Fredrik Ericsson Recounts Death of Friend Michele Fait on K2

Posted By: Zeke Piestrup on July 31, 2009 5:55 pm

I could see the crows circling above Michele’s body.”

Fredrik Ericsson’s ambitous attempt to climb and ski the world’s three tallest mountains ended tragically on June 23rd when his partner, Michele Fait (pictured above), fell to his death skiing on K2.  Ericsson, understandably, had not posted anything about the loss of his friend.  That is, until today.  Ericsson posted on his blog:

Some times life doesnt turn out as planned. June 23, 2009 was one of those days.
We were on our second acclimatization climb on K2. This time Michele and I were feeling much better than on our first acclimatization climb. No headaches. After spending two nights in our Camp 2 at 6350 meters we were skiing down towards Base Camp. We had passed a steep and rocky section, that I thought was the most difficult part of the ski descent, and we were out on a big open slope. It was still steep and we were skiing very slowly, speedcontrolling jump turns. While doing a turn Michele lost his balance and fell backwards down the slope. He was sliding and tumbling for several hundred meters. Since the slope gets less steep lower down I was sure he would stop at some point. But he never did. All I could do was to stand and watch Michele fall down the slope. In the end he fell over a rockband and disappeared into the next bowl. It was horrible to watch!

I thought that if he had survived the fall he must be severely injured so I had to get down to Michele as fast as possible. I started skiing down the slope. Since there was a rockband separating the two bowls I couldnt ski straight down to him but had to ski down to the bottom of the mountain and then climb back up in his bowl. It took me half an hour to reach Michele. While climbing up it was all quiet, I could see the crows circling above Micheles body. Looking at the cliffs he had fallen over I knew the chance of finding Michele alive was slim. But I never gave up the hope. Unfortunately, when I reached Michele he didnt show any signs of life, he wasnt breathing and had no pulse. He was dead!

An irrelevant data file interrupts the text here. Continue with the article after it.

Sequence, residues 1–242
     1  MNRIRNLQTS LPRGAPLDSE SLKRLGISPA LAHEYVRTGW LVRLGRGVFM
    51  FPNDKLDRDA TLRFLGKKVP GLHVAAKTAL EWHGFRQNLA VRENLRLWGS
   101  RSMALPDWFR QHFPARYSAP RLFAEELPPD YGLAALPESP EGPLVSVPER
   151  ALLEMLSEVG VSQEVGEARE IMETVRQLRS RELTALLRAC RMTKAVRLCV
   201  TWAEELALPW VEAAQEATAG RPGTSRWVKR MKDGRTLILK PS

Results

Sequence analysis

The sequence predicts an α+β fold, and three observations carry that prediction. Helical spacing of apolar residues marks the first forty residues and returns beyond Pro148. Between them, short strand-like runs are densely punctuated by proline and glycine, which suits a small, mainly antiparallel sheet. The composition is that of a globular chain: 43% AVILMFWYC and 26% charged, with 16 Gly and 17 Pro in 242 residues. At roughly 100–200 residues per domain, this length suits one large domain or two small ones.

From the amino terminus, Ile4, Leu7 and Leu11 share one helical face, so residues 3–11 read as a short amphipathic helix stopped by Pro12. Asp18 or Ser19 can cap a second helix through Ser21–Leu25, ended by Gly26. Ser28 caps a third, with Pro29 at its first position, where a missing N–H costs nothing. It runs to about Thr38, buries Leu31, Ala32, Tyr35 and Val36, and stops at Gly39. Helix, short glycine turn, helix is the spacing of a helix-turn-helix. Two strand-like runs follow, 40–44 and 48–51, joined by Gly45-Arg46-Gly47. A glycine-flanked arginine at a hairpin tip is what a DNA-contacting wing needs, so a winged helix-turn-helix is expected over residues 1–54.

Since the body was in a very dangerous spot, right below a big Serac and on an avalanche prone slope, I didnt think much about what just had happened but started to lower Micheles body down the slope. By traversing a bit I could get to a fairly safe line below some cliffs. I lowered Michele for about 200 meters before I came to a point where I had to traverse another big avalanche prone slope.

New expeditions had arrived in base camp the day before the accident. Among them, Fabrizio Zangrilli, Gerlinde Kaltenbrunner and David Göttler had seen Micheles fall from BC and walked up the glacier to help. Since it was already afternoon on a warm and sunny day the snow was wet and heavy and the risk of avalanches was great. To bring Micheles body over the dangerous slope would take us quite a long time. We would spend too much time in the danger zone and therefore we decided to leave him on the mountain over night.

On the walk back to base camp it suddenly hit me what just had happened. Michele and I were skiing down the mountain of our dreams. We were smiling and having the time of our lives. In a second, tragedy hit and Michele was gone. I have never experienced anything like it. It was the worst day of my life.

The next day David, Fabrizio and his teammates helped me bring Micheles body down the last 100 meters to the glacier. We made a snowpit to store the body in while waiting for a helicopter. In the morning, two days after the accident, the helicopter arrived. Micheles body was transported to Skardu and onwards back home to Italy.

After the accident I lost all motivation to continue climb on K2 and decided to give up and go home.
All my thoughts go to Micheles family. I cant imaging what its like to loose a son.

Michele was a good man. I will miss him.

/Fredrik

Zeke Piestrup ( More Posts)

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